- Do not rub, scrub, or use washcloths (this tends to blow patient’s minds)
- Limit cleanser use (No fragrance! Hypoallergenic! No additives!)
- There is no standard for frequency, type, or duration of bathing in patients with atopic dermatitis
- Moisturize, moisturize, moisturize. Try to put on the moisturizer within 30 minutes of bathing.
Take a look at Dr. Friedman’s slide below regarding the difference between emollients vs occlusive vs humectants (he wants all 3 for his AD patients!)
Just in case we didn’t believe enough in moisturizers, Dr. Friedman supplied us with two different RCTs supporting the use of emollients in infants at high risk for AD.
The first study, a 2014 article published in the Journal of Allergy and Clinical Immunology, was a RCT performed on 124 neonates from the US and UK who were high risk for atopic dermatitis (eg. parent(s) with eczema, any filaggrin mutation)11. The intervention arm was randomized to apply emollients at least once per day starting within 3 weeks of birth. The control arm was instructed not to use emollients. Participants were followed to determine incidence of atopic dermatitis by 6 months. The intervention group had a relative risk reduction of 50% (95% CI, 0.28-0.9, p=0.017) in incidence of AD.
The second study, based out of Japan, was a RCT of neonates in which 59/118 neonates at high risk of atopic dermatitis applied an emulsion-type moisturizer daily for the first 32 weeks of life12. At 32 weeks, 32% fewer infants in the intervention group had atopic dermatitis (p=0.012).
What about Vaseline? (100% white petrolatum)
Plain petrolatum increases filaggrin expression, increases antimicrobial peptides, AND reduces T cell inflammation.
A 2016 study was published in the Journal of Allergy and Clinical Immunology13 involving two cohorts applying 100% white petrolatum. The study analyzed expression of innate immune genes, antimicrobial peptides, cytokines, skin thickness, filaggrin and loricrin (among others) in patient skin samples on which petrolatum was applied.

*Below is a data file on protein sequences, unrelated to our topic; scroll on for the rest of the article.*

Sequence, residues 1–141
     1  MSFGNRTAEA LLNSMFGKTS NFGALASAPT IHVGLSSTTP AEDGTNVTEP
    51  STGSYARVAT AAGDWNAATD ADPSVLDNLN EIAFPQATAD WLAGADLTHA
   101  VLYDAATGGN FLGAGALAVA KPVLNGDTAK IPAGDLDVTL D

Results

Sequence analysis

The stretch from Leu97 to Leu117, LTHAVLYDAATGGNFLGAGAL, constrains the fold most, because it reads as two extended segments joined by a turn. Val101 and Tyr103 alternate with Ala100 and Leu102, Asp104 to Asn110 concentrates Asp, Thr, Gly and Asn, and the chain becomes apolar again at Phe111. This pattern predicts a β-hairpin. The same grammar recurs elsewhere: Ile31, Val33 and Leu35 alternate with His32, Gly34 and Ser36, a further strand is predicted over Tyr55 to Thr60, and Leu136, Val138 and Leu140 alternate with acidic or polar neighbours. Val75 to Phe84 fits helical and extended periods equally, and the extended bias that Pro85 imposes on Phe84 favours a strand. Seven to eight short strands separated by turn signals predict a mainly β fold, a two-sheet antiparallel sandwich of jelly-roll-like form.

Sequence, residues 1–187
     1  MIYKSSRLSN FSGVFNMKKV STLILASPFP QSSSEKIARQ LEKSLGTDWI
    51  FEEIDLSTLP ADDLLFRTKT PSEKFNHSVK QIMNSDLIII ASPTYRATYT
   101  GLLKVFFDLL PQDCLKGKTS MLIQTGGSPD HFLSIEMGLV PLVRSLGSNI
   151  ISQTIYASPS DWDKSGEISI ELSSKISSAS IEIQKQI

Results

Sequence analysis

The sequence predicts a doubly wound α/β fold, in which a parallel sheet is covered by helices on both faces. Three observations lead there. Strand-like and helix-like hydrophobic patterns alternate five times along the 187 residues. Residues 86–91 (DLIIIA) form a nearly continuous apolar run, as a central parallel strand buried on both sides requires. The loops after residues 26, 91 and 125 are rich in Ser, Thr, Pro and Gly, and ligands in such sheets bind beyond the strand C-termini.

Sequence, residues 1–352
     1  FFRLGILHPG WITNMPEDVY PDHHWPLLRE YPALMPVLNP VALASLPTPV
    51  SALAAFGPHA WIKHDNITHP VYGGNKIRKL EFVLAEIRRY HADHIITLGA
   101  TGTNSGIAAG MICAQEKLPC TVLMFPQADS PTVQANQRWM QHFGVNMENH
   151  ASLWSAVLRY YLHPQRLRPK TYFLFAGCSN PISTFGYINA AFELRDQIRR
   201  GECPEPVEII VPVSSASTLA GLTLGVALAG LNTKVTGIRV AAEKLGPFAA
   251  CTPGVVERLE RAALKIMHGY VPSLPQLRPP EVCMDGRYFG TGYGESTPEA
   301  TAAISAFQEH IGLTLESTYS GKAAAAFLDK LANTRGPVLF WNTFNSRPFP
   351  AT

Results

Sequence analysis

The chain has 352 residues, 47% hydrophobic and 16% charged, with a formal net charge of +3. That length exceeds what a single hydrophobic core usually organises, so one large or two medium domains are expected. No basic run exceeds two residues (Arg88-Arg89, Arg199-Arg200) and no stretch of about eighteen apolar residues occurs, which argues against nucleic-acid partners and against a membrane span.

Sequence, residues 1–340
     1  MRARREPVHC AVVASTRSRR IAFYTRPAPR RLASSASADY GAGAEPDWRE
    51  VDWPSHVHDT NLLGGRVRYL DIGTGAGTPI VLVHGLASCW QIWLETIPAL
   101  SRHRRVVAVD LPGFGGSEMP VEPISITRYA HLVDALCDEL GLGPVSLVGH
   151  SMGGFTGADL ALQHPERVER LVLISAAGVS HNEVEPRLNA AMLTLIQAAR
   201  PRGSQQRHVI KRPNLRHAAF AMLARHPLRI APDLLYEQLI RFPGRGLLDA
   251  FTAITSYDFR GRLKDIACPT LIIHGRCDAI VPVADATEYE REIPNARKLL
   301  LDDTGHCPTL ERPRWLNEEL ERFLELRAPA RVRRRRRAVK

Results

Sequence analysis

The first cohort of patients were 13 patients with AD and 16 patients without AD. Nonlesional/unaffected skin in both groups was occluded with 100% white petrolatum using a Finn chamber (paper discs commonly used to apply contact allergens in patch testing). The occlusive Vaseline was placed for 48hrs, and two biopsies were taken at the 72hour mark – 1 of occluded skin + Vaseline, 1 of nonoccluded/nonlesional skin). A second cohort of healthy patients was enrolled to further compare the time points of maximal gene induction, with multiple biopsies comparing control skin vs skin occluded with Finn chamber only vs skin occluded with Vaseline+Finn chamber at 48 and 72 hours.
What about Aveeno (colloidal oatmeal)?
It is a “prebiotic” for our skin flora! (and so much more…see below)
Did you know that oat supports the growth of commensal microorganisms, such as S. epidermidis, but NOT S. aureus14? Colloidal oatmeal also has anti-inflammatory, anti-pruritic, anti-oxidant, anti-fungal, and barrier repair properties as well as beneficial effects on skin pH (increased production of lactic acid)14. Oat is rich in phytochemicals (including ferulic acid and caffeic acid), as well as sugars, amino acids, proteins, lipids, and fiber, which act as “nourishment” for our native skin flora.